When the light in the operating room hit me as my mother gave birth, it seems! It actually started when I was very young and my mother, Sarah, as well as my aunts and my grandmother saw that I had a flare for performing. Mom had enrolled me in Miriam Mencer's tap dance class. Miriam put on a revue at the end of each year and for two years the revues were centered around me, who was the youngest boy in the class and a young girl by the name of Maxine Gillman. That became the bug that bit me.

Subsequently I became involved with the community theater in my hometown, the Lancaster Little Theater. After doing a few shows with them, I was cast in a few plays at the Green Room Theatre at Franklin and Marshall College. One of them was a production of Richard III which starred a young Roy Scheider as the evil king.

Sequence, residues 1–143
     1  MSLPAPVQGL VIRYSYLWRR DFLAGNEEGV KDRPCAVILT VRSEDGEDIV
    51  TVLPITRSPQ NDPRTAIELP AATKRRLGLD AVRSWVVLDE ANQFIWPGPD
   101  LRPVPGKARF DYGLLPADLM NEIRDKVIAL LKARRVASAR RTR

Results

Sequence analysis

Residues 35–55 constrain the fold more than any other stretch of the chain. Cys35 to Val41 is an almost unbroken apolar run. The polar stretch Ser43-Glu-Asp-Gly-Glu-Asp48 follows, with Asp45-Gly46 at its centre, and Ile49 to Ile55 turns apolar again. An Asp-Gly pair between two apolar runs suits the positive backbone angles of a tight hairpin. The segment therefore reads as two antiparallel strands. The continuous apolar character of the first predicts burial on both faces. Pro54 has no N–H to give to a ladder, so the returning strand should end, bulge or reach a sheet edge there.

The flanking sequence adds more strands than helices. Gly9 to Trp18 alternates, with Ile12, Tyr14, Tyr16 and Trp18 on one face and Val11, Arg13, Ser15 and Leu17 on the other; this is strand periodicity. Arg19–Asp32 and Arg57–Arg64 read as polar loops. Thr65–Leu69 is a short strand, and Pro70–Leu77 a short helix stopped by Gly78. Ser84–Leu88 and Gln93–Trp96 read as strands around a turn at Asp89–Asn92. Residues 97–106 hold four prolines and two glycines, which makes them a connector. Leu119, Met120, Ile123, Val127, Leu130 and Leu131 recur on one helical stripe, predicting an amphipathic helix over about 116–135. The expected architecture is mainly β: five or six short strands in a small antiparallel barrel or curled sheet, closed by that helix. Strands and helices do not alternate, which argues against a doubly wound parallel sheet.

In 1959 I then got cast as Sonny Flood in a production of Dark at the Top of the Stairs at one of the oldest theaters in the country, the Fulton Opera House (now The Fulton Theatre where I'd return as an adult to do several shows) in my hometown of Lancaster PA. It was there that my mother and I met a playwright from New York City by the name of Chuck Miller who had taken a job running lights for the production in order to pay his rent. He told my mom that one of these days he was going to get her son on Broadway.

Interview: Getting to Know Barry Pearl on his Third Time Directing 13 THE MUSICAL Pictured: Barry Pearl as Doody in the hit movie Grease.

Two years later, in the summer of 1961, my mother got a call from Chuck who was friendly with the secretary to the man who produced Bye Bye Birdie on Broadway, Edward Padula. As it turns out the young boy who was playing the role of Randolph McAfee was leaving to do a new Broadway show called Milk and Honey. And when Chuck told the producers that he knew the kid that could fill the role, the next thing you know I'm on a train from Pennsylvania to New York and I never looked back.